IMPLAN Sector Percentage Split Summary Chart Short Title Total Medicaid Spend IMPLAN Percentage Split Offices of physicians, dentists, and IMPLAN Sector other health practitioners $522,336,200.00 35.27% Medicaid Category Contracted Health Plan Services Medicaid Category Physician Services Medicaid Category Mental Health Medicaid Category Dental Medicaid Category Vision IMPLAN Sector Home health services $199,340,100.00 13.46% Medicaid Category HCBS Medical and diagnostic labs and other IMPLAN Sector outpatient ambulatory services $14,044,000.00 0.95% Medicaid Category Medical Supplies IMPLAN Sector Private Hospitals $459,979,200.00 31.06% Medicaid Category Inpatient Hospital Medicaid Category Outpatient Hospital IMPLAN Sector Nursing and residential care facilities $285,275,600.00 19.26% Medicaid Category Intermediate Care Facilities Medicaid Category Nursing Home Medicaid Category *Other Medicaid Category *Pharmacy Total $1,480,975,100.00 100.00% *Pharmacy was split evenly between all IMPLAN sectors including Medical and diagnostic labs Sector / Category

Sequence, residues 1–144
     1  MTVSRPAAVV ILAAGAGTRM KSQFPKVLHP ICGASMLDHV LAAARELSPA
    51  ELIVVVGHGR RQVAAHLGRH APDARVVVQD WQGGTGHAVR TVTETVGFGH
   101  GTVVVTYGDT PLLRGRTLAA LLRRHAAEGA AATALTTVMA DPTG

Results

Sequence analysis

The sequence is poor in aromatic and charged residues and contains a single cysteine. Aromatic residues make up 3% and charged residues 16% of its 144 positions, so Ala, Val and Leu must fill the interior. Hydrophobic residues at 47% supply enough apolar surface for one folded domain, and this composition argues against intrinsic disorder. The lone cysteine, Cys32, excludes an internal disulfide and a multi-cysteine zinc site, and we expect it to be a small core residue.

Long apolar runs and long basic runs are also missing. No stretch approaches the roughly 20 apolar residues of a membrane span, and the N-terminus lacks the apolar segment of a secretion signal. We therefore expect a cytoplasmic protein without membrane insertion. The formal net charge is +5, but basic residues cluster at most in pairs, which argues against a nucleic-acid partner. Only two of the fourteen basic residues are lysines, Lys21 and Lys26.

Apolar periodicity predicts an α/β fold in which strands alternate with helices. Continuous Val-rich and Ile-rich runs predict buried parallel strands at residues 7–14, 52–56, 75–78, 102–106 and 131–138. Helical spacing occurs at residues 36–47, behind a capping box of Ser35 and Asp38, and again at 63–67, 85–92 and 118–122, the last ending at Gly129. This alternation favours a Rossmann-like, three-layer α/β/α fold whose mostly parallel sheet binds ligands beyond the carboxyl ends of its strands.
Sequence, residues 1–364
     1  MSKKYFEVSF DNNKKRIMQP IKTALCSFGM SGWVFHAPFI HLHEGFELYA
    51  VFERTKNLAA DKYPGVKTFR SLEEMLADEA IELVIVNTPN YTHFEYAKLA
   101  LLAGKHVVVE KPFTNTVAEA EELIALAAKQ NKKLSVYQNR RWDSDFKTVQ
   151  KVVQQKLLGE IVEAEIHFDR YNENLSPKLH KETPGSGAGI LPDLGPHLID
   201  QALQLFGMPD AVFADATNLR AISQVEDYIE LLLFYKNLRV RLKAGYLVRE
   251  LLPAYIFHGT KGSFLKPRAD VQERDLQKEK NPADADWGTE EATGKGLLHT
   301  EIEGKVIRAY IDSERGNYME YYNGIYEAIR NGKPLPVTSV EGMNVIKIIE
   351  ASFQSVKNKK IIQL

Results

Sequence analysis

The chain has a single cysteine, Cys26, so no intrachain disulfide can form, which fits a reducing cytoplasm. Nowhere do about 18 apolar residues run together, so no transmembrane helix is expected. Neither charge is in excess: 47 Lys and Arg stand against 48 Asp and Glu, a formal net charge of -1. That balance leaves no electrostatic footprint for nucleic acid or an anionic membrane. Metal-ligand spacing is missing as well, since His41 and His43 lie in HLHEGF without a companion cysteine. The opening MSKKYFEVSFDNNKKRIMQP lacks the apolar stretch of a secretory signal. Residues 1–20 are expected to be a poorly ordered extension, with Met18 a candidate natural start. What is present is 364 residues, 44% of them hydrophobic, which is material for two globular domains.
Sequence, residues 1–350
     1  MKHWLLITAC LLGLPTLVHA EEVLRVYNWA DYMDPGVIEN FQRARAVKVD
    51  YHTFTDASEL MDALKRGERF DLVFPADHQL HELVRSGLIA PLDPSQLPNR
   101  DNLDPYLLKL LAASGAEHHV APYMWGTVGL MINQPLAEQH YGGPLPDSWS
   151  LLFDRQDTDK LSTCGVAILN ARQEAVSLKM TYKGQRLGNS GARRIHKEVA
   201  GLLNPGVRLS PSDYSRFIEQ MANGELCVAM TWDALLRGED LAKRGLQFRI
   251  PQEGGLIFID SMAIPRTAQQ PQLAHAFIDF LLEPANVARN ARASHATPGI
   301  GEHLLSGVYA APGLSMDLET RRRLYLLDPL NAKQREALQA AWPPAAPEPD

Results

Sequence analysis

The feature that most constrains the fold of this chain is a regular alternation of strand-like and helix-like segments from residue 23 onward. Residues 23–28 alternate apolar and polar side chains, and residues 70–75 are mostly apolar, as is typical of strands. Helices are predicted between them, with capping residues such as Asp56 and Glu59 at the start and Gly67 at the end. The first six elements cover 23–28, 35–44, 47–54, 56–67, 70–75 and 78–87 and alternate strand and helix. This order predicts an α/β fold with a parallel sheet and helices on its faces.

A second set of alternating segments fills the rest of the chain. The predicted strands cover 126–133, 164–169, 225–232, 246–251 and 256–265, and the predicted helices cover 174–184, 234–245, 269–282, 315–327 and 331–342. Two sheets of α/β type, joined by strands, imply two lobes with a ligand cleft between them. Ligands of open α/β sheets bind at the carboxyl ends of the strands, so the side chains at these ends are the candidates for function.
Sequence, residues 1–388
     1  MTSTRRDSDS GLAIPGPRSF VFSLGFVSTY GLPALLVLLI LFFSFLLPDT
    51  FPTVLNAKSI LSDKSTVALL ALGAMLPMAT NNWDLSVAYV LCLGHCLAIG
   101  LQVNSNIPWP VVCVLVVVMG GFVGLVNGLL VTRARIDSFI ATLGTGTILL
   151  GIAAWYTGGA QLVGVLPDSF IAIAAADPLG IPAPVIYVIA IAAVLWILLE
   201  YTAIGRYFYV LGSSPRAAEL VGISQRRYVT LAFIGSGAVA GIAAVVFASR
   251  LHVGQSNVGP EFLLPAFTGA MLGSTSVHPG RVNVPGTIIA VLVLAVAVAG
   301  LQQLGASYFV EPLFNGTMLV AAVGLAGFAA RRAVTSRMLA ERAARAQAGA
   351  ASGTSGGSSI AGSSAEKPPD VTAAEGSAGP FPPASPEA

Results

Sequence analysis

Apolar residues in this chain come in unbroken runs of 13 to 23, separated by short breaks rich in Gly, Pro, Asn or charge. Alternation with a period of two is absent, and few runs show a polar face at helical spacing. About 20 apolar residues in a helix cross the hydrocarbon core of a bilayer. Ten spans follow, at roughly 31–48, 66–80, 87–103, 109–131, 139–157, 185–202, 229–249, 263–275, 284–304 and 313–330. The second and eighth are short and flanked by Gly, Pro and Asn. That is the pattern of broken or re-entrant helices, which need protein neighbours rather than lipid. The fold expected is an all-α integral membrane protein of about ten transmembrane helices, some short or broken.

This methodology for allocating the modeled Medicaid spending was then used for each of the five scenarios. Each scenario was modeled over three time periods:    The modeled Medicaid spending in 2014, The yearly average modeled Medicaid spending from 2014-2016, and The yearly average modeled Medicaid spending from 2014-2023.

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State of Utah Medicaid Expansion Assessment Utah Impact: 2014-2023